Favoritism Does not Equal a Lack of Due Process

Public SectorElaine Asmus was an award-winning teacher whose conduct outside the classroom got her in trouble. She had an altercation with a colleague over school supplies. Unfortunately for her, this colleague was also the school superintendent’s wife. 

Asmus was disciplined for “bullying, harassment, or intimidation” of a colleague. When the school district held an unprofessional conduct hearing against Asmus, the school superintendent stayed out of the hearing due to his wife’s involvement. The school’s attorney recommended termination, but the school board decided to put Asmus on a one-year probationary plan.

Asmus sued, arguing that she had never been disciplined in her 28-year career, and all witnesses testified that she was an excellent teacher. She also alleged that she had to take a job with another school district because the terms of her probation were impossible to comply with. She argued that the plan was drafted in an overly detailed manner with too many daily requirements and had been designed by the attorney who was reporting to the superintendent.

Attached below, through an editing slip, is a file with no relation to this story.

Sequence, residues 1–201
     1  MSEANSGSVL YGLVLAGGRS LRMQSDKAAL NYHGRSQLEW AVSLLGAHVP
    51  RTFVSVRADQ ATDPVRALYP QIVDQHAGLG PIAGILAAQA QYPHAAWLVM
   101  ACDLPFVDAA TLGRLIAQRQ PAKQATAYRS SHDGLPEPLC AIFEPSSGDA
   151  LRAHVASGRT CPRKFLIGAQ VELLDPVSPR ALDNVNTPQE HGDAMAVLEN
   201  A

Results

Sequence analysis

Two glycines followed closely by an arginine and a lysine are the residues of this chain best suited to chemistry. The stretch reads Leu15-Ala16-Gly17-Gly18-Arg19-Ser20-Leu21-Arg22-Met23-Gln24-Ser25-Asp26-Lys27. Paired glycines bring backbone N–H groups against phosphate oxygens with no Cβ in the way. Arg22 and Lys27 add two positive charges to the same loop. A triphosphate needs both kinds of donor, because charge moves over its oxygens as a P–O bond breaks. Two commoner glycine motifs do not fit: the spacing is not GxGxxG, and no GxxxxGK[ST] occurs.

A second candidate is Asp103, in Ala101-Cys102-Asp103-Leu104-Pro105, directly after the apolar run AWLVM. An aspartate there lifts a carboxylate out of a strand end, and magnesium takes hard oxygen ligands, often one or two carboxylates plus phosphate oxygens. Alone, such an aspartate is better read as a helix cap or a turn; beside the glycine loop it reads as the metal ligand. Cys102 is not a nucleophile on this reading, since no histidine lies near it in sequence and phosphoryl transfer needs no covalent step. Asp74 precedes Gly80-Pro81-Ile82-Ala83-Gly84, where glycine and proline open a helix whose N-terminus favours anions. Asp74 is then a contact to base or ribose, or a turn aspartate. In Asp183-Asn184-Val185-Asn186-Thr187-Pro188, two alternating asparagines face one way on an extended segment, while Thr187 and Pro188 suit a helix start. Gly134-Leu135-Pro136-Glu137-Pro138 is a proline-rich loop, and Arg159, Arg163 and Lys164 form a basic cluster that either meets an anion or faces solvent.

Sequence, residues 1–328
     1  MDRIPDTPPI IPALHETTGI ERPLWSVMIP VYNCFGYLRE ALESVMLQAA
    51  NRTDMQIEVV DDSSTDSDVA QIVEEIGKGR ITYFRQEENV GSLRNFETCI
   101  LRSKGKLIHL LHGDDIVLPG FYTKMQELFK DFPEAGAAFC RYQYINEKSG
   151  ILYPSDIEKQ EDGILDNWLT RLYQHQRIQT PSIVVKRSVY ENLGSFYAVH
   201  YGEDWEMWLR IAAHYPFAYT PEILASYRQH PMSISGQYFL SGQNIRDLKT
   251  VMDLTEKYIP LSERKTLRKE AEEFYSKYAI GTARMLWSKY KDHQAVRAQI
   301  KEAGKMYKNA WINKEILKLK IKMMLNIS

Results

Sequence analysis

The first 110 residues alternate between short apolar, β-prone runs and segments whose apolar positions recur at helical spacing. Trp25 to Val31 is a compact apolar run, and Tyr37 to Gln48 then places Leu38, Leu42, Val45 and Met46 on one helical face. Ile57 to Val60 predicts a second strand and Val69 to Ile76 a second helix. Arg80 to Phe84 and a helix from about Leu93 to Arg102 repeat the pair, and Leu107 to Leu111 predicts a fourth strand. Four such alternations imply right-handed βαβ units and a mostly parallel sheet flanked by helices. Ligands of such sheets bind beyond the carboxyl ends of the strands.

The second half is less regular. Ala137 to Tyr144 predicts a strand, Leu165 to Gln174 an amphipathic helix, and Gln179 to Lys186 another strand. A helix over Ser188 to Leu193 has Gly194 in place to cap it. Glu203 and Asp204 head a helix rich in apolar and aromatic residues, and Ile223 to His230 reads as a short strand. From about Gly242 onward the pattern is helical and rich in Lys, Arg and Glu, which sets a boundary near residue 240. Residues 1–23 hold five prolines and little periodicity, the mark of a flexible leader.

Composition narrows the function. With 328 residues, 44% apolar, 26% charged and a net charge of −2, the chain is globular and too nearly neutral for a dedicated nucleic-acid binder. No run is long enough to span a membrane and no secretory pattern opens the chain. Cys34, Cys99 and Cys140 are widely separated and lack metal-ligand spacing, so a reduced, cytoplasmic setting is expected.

The U.S. District Court for the District of Idaho did not agree and ruled that she did not have claims for violations of her due process rights to a fair and impartial hearing. Asmus v. Snake River Sch. Dist. No. (D. Idaho 2016). The court agreed that there may have been some appearance of impropriety because of the involvement of the superintendent’s wife, but concluded Asmus couldn’t show that the school board prejudged her case as a result. The court explained that the school board members “enjoy a presumption of honesty and integrity.”

What likely led to success was the superintendent recusing himself in front of the school board. Keep this in mind if you have a hearing process, and feel free to call us with any other questions about this topic.